While ebooks are on the rise, print books are in decline. Pew Internet surveyed 2,552 American adults last October and November about their reading choices and habits. Whilst the amount of people who read remains the same as last year (three quarters of the population), readers are changing the way they choose to read.

The number of people who read an e-book over the past year soared from 16% in late 2011 to 23%. Meanwhile, the number of Americans who purported to have read a printed book dropped from 72% to 67%.

The survey’s most drastic result illustrated the infiltration of ereading devices and tablets into households. 33% of participants owned either a tablet computer or an ebook reading device – a sharp increase from 18% in late 2011. The percentage of people who own a ebook reading device has spiked from 10% to 19%, while computer tablets have fared even better, jumping from 10% to 25%.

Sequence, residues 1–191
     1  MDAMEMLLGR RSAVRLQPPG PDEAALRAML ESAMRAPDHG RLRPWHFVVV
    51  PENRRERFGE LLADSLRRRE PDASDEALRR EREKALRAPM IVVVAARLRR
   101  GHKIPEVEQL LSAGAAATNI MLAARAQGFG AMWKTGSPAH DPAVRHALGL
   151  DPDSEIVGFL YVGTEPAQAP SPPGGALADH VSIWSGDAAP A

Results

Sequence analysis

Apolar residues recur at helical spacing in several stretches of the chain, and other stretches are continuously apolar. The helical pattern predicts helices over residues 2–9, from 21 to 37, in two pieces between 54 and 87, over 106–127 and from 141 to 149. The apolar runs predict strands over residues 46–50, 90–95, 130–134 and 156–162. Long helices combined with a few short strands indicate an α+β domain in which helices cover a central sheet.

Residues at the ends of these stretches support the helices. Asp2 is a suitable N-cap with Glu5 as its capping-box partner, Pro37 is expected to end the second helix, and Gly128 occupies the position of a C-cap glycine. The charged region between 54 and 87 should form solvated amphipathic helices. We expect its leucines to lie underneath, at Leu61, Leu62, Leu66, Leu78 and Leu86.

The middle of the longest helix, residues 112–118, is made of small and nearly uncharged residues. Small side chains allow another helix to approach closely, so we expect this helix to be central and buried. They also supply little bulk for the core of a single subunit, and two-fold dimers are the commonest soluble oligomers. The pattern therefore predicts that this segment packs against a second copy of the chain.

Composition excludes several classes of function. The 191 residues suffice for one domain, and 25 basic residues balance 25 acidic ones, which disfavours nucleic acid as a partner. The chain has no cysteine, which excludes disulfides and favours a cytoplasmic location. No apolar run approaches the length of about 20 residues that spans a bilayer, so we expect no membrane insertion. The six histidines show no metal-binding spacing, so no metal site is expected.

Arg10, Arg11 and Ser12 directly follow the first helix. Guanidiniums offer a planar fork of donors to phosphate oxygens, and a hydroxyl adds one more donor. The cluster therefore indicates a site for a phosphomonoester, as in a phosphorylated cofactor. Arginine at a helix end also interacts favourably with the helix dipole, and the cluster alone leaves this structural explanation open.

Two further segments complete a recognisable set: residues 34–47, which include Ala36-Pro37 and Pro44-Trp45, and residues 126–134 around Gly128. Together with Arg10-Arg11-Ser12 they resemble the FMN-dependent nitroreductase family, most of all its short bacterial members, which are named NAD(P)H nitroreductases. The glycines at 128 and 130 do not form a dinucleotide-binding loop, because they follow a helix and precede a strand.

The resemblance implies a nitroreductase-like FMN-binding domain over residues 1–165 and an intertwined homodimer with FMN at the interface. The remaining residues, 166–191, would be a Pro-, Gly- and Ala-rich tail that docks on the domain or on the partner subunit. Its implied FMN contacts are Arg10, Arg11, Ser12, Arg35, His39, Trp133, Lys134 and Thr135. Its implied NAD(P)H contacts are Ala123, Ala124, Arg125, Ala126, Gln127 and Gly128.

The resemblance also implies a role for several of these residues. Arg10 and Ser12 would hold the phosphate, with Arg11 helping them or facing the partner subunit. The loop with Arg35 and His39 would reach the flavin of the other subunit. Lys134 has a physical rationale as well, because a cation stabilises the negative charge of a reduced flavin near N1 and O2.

The survey also focused on elending and public libraries. The results demonstrate a growing awareness that public libraries lend ebooks. However, the numbers are still low - over half the participants were unaware whether their local library has an ebook lending program.

Whether these positive results for ebooks will in turn cause a spike in reading overall has yet to be seen. Although the number of overall readers in fact decreased from 2011, the difference was so small that the report deems it a statically insignificant drop. The question remains whether ebooks will attract those who would not have otherwise read a print book, not simply convert established readers from print to digital.

The report is a project of the Pew Research Center’s American Life Project. Along with the figures above, it provides detailed breakdowns of both ebook readers and readers in general along multiple demographic lines. It is available to read here: http://libraries.pewinternet.org/files/legacy-pdf/PIP_Reading%20and%20ebooks_12.27.pdf